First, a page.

In the last article I introduced, or rather I attempted to clarify, the difference between efficiency and effectiveness as they relate to productivity. If you haven’t read the previous article or you need a quick reminder just click HERE.
Hopefully I have convinced you that in order to be truly effective you must make sure that you are first of all doing the right things. What I mean by this is that you are looking at your undoubtably long list of things that you have to do and making a decision about what needs to be done first. The problem is that often we chose to do the wrong tasks or certainly not the ones we really should be doing.
Why is this?
Often the really important tasks or activities are the ones we might enjoy doing the least. We often put off the tasks we don’t like doing for those that we might enjoy more. Working in the health and beauty industry you are likely a naturally creative person. Let’s say you have two major tasks to complete on the business management side of your to do list. One is accounting based work, to go through your invoices and receipts that need to be filed for an upcoming tax return at the end of this month. The other task is to design a poster or flyer for an event that you have coming up next month. I know which one sounds more fun and which one I would chose to work on.
The problem is that there will always be something you prefer doing and it is often the things that you don’t enjoy that you put off until you reach a deadline and suddenly you are scrambling to get them done or face some sort of negative consequence?
How can you avoid this and make sure you are doing the right things?
There is a fantastic book called “The 7 Habits of Highly Effective People” written by Stephen Covey back in the 1980’s which has become the definitive work on this subject. As great as it is, it can be a little heavy going. I know myself, it took me a few attempts to make it all the way through the book even though I knew it was all helpfull information.
There is one idea in the book that I have made part of my daily and weekly routine which has made a huge difference to my productivity and I will attempt to share this with you now in my own simplified way.
They key is not to prioritise what’s on your schedule, but to schedule your priorities.
– Stephen R. Covey
In the book Mr. Covey describes the Time Matrix™ which contains 4 sections or quadrants labeled important, not important, urgent and not urgent. The matrix looks something like this:
The idea is that all of the tasks and activities we complete in any given day will fall in to one of these 4 quadrants. The problem is that we probably spend too much time working on tasks in the wrong quadrant.
As a busy salon manager or owner, you have many different tasks to do and roles to fulfil. It is no surprise that we spend most of our time working on quadrant 1 type activities. Dealing with things that suddenly become critical, bills that suddenly need paying, organising for that piece of equipment to be fixed because it finally broke down or filing those invoices and receipts, because the final demand letter has arrived from the tax man.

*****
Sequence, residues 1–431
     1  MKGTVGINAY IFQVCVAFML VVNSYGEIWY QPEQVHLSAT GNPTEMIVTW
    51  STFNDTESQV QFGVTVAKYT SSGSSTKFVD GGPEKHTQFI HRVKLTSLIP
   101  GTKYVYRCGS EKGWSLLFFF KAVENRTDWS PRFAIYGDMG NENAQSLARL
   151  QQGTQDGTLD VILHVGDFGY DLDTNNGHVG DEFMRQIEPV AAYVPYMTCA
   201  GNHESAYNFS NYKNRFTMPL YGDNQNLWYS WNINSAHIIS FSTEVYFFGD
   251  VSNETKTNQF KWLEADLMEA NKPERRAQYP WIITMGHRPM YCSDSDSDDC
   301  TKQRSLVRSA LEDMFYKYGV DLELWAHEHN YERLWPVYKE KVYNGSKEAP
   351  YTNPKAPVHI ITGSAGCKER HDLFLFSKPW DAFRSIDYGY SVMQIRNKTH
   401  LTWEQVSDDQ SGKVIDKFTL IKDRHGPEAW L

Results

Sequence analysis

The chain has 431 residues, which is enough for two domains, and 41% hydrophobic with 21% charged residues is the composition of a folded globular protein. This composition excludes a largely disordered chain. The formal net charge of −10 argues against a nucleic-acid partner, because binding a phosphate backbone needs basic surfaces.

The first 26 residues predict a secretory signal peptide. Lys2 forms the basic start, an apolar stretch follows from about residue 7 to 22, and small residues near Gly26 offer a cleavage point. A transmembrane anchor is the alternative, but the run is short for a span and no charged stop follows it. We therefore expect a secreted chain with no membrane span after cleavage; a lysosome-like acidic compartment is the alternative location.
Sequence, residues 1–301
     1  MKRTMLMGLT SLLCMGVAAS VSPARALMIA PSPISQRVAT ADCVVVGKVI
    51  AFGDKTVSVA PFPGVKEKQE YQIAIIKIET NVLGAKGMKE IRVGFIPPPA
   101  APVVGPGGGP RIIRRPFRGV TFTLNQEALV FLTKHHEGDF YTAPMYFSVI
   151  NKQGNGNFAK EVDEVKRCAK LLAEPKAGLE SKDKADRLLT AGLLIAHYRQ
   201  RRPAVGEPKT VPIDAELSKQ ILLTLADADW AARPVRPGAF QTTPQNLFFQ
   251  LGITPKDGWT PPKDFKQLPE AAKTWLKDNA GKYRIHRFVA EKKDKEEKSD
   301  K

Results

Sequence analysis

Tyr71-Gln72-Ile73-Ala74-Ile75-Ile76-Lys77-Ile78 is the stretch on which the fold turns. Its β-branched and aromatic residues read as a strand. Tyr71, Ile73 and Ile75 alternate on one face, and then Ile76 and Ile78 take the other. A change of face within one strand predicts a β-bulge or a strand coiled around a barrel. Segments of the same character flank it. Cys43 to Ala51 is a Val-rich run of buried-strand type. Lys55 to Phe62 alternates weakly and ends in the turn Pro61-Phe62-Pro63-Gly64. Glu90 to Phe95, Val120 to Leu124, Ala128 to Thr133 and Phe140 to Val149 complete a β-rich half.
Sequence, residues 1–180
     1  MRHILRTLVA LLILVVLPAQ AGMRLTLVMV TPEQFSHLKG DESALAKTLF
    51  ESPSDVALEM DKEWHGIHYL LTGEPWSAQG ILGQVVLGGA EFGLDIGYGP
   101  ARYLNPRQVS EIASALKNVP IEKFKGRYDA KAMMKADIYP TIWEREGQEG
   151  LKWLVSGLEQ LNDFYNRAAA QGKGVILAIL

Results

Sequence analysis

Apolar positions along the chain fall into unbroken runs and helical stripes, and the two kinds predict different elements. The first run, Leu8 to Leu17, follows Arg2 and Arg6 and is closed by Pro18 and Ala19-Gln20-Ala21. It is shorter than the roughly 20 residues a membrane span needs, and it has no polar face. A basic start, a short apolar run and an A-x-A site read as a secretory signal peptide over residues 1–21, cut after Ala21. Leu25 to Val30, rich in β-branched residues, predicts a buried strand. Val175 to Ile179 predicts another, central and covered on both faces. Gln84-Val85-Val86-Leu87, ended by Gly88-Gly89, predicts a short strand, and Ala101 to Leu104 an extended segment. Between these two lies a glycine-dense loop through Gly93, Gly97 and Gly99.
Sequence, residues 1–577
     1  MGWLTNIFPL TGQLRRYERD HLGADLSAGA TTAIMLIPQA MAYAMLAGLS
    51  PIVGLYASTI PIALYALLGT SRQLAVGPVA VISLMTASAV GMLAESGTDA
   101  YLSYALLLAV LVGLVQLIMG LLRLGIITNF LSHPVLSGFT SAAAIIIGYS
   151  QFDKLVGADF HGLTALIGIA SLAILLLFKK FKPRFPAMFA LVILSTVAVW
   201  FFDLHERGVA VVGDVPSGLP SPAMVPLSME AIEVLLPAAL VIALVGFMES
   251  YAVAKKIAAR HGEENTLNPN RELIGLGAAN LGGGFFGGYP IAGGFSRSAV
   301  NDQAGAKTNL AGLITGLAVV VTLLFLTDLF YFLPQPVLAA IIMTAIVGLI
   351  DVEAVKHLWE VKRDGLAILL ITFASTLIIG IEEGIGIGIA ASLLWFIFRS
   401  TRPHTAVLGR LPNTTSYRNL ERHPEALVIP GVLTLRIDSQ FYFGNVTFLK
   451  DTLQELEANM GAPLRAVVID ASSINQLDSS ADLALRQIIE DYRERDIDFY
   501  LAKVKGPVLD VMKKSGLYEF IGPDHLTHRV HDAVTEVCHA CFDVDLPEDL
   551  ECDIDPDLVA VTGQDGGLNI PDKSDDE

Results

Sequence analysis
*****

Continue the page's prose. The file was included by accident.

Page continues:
The 4 Quadrants
Quadrant 1 – Urgent AND Important
OK . . . a task has got to the point where it is both important and now urgent. You can’t avoid or ignore this anymore so you need to do this now. This should be your top priority task and it needs to be done today, even if it is the only thing you do. This is the quadrant of stress and anxiety, the one that will keep you up at night and probably is most likely to mean you spend your time worrying rather than doing?
Examples: Crises, pressing problems, deadline related projects, bills and the unexpected
Quadrant 2 – Important BUT Not Urgent
These are the tasks that must be done, but not necessarily straight away. Unfortunately these are the ones that we tend to put off for another day. However, if we spend our time more effectively and work on the tasks in this quadrant first then they will never shift over to Quadrant 1 and we will have more control over our time, less stress and less anxiety.
Examples: Planning, prevention work, preparation, relationship building, brain storming, new opportunities
Quadrant 3 – Urgent BUT Not Important
These tasks are often things that are important to someone else, but not vital for you to complete. They are often the hardest to identify, because when someone calls or emails you with something that they need RIGHT NOW it is easy to mistake this for a Quadrant 1 activity. Be wary of these tasks.
Sometimes it can be beneficial to complete one of these tasks, usually for someone else, because it might help them and they may be able to help you with something in the future, but you should only work on Quadrant 3 tasks once all your quadrant 1 and 2 tasks are taken care of!
Examples: Interruptions, some phone calls, most emails, most mail, some meetings and popular activities